Every Mother’s Day card I received from my daughter from about age 12 on was inscribed, “Mom, I know we haven’t been getting along lately, but…” This disclaimer was inevitably followed by a fervent declaration of daughterly love. Recently, a friend confessed that she, too, has a drawerful of cards with notwithstanding clauses. They’re our shared joke about the fraught, unshakeable bond we moms and daughters share.
With our girls all grown up now, my friends and I should be seasoned pros. But one thing they don’t tell you going into this gig is that it never gets easier. (Motherhood is also the only job you can never quit. Even if you’re a slacker, they keep promoting you.) For the moms with whom I confer, this stage is turning out to have its own peculiar charms. Now we’re the ones rolling our eyes.
Adolescence is supposed to be the trial by fire. And it’s true that most of the time you’re pulling it out of your ass, as our kids so enchantingly put it. Today, keeping a girl safe from eating disorders and MTV’s My Super Sweet 16 is no job for sissies. Still, as heartbreaking as adolescence is for a parent (you think it’s a picnic to plummet overnight from She Who Must Be Adored to moronic irrelevancy?), it’s a breeze compared to what’s coming. Teenagers merely hate you, which is bracing, at least in retrospect. But once they’re out in the big, bad world, they realize they’re going to need you. They have this epiphany precisely when you’re rebelling against being sucked dry. It’s nothing personal. After 20 years of indentured servitude, you’re up for a new challenge, or so consumed with your own needs, you forget to notice theirs.
The other day, a colleague sent around an e-mail tagged, “Need shrink. Will pay.” Why she was sending up a flare isn’t the point. Almost every woman I know could use some backup these days. This is an age when you start to lose things – your keys, your job, a long-term marriage, a parent who no longer knows who you are. Sometimes just standing upright deserves a gold star. Your head’s in Tuscany, just like in those Freedom 55 ads. But even if you could make a break for it, the moment you’re at the door, your kids want back in.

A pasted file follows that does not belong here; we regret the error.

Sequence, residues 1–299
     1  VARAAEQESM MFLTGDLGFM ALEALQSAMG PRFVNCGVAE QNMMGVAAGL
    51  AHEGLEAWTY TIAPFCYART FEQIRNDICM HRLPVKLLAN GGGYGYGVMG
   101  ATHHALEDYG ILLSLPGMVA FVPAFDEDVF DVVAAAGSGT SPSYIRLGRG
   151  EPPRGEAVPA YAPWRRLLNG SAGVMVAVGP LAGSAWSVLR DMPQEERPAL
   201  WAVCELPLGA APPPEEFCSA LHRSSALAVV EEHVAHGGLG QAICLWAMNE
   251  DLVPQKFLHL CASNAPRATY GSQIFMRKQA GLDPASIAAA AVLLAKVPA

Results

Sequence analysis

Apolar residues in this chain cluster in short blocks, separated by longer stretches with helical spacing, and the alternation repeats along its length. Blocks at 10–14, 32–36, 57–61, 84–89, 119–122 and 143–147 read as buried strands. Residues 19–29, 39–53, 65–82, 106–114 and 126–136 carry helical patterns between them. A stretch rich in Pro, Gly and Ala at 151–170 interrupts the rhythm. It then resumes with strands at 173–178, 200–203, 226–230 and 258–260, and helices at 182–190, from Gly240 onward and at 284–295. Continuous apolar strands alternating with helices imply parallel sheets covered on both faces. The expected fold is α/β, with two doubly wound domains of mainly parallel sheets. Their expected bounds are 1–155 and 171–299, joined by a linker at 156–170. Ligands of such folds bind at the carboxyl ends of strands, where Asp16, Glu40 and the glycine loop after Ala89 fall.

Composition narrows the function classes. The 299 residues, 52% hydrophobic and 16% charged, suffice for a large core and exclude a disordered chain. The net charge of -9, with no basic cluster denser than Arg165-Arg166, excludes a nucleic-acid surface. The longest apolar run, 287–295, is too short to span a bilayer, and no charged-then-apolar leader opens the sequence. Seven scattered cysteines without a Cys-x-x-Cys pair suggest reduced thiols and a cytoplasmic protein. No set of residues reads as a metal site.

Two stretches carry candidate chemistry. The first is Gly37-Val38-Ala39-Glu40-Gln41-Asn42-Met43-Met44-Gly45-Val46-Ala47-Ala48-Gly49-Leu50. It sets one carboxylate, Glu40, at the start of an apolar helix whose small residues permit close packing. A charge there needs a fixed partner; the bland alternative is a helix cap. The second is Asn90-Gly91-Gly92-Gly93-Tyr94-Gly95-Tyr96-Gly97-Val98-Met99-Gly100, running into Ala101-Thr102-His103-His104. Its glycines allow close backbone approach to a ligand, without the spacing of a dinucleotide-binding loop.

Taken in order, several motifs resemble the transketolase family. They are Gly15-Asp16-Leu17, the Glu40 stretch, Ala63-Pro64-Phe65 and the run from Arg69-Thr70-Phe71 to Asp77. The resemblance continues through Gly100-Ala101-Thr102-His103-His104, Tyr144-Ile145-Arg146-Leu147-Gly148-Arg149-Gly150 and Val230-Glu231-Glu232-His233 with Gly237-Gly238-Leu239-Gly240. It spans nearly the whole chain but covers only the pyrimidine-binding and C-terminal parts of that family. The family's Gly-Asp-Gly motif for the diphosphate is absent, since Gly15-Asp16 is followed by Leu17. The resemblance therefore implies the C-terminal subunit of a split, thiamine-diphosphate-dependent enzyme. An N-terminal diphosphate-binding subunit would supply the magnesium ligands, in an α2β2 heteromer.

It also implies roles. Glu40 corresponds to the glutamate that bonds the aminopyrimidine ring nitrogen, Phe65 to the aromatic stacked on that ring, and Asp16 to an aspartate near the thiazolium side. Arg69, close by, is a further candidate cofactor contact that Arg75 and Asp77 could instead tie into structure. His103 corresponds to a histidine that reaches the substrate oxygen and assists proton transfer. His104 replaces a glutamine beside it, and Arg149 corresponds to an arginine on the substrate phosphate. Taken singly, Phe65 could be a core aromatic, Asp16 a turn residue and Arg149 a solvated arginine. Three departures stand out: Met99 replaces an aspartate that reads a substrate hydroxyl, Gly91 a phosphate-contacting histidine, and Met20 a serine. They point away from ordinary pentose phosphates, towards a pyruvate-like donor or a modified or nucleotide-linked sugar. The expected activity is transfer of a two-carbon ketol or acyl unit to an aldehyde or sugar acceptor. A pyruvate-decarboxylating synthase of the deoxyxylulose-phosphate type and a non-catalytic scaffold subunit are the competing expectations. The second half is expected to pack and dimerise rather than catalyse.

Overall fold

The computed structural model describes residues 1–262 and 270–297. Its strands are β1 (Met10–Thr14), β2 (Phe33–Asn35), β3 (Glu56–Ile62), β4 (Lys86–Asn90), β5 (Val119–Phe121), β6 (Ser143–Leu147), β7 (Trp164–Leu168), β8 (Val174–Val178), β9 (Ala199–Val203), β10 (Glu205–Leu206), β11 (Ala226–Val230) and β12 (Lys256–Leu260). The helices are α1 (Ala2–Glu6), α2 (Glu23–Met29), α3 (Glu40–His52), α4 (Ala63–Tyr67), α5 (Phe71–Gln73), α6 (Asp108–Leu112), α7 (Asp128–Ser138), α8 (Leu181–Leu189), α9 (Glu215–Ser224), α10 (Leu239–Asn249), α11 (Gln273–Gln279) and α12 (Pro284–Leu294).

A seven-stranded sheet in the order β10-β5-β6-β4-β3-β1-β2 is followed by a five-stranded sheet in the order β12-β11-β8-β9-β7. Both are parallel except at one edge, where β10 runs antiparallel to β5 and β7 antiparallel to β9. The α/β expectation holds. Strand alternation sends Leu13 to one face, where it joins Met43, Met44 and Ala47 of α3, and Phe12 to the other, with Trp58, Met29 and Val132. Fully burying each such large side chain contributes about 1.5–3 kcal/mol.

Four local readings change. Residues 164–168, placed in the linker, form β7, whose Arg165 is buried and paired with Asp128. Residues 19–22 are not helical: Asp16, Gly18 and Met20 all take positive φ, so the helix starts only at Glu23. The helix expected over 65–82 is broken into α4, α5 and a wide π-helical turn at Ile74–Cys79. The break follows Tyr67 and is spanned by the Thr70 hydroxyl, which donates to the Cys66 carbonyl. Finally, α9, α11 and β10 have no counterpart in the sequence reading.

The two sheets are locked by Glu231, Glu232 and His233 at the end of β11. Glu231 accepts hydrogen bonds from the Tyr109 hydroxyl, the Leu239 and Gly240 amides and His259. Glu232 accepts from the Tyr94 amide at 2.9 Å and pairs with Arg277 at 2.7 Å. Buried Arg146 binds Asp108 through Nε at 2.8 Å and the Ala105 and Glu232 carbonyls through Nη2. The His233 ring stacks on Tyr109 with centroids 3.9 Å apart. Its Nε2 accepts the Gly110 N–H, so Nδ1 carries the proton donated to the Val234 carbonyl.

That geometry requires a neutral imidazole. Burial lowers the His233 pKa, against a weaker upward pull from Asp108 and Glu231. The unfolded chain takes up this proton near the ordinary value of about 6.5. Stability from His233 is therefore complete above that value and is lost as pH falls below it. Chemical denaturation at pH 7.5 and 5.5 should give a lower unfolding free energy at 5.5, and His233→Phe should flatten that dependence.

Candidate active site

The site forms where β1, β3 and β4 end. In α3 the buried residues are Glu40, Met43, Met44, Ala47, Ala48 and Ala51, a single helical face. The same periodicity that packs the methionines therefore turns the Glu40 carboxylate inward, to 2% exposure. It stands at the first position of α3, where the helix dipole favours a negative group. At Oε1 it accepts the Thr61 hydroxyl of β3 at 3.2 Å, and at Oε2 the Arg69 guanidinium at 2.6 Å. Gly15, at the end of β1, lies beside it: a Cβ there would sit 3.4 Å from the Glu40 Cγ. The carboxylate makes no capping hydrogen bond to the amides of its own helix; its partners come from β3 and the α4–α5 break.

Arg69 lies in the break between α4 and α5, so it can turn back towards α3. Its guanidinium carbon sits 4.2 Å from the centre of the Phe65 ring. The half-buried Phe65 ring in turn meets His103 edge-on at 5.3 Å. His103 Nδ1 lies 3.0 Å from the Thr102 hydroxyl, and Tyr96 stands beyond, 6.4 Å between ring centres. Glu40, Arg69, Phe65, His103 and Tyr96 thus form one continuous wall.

Some never left, some boomeranged back, some are camped in the basement, failing to launch. Some have parental units throwing money at the problem. Some hit the ground running without a backward glance. But they’re a vanishing lot. According to Statistics Canada, adult children are now three times likelier to shack up with their parents than in the late ’60s. Since you can now own a Caribbean island for the cost of acquiring a fully accessorized grown-up life, many kids discover that parents still come in handy. The upshot is that whether it’s to buy them stuff, hold them in the night, become their life coaches or confirm their long-held suspicions that you’re completely useless in every way, even the most evolved of the species still want their mommies.
Mothers are supposed to long to be needed, and indeed, many do. But many enjoy other hobbies, too. It’s impolitic to say so these days, what with the Ministry of Motherhood issuing Talibanesque dictums solemnly instructing new mothers to embrace “attachment parenting” and breastfeed their babies until they can order their own shakes at the drive-thru. As a long-time proponent of detachment parenting, I’d flunk out as a young mother today. There’s a reason tribal elders take teens into the woods for coming-of-age rituals. They intuitively understand that parents and grown-up kids aren’t meant to live together. At a certain point, you want them to bugger off.
I mean this in the nicest possible way. As daughters go, I struck gold. No mom could possibly have had an easier run than I. People stop me in the street to sing her praises. But no matter how much you love your daughter, there comes a time when you want your space. Sons, by the way, can get up your nose, too. As a mother of three grown-up marvels observes, “All my kids are pissing me off these days.”
And so, this Mother’s Day I’ll probably add to my card collection. Maybe there are mothers out there who’ve got it all figured out. If so, I don’t know any. Anyway, it’s the journey, right? Not the destination? Or as we used to say when things got weird, all you can do is “Keep on Truckin’.”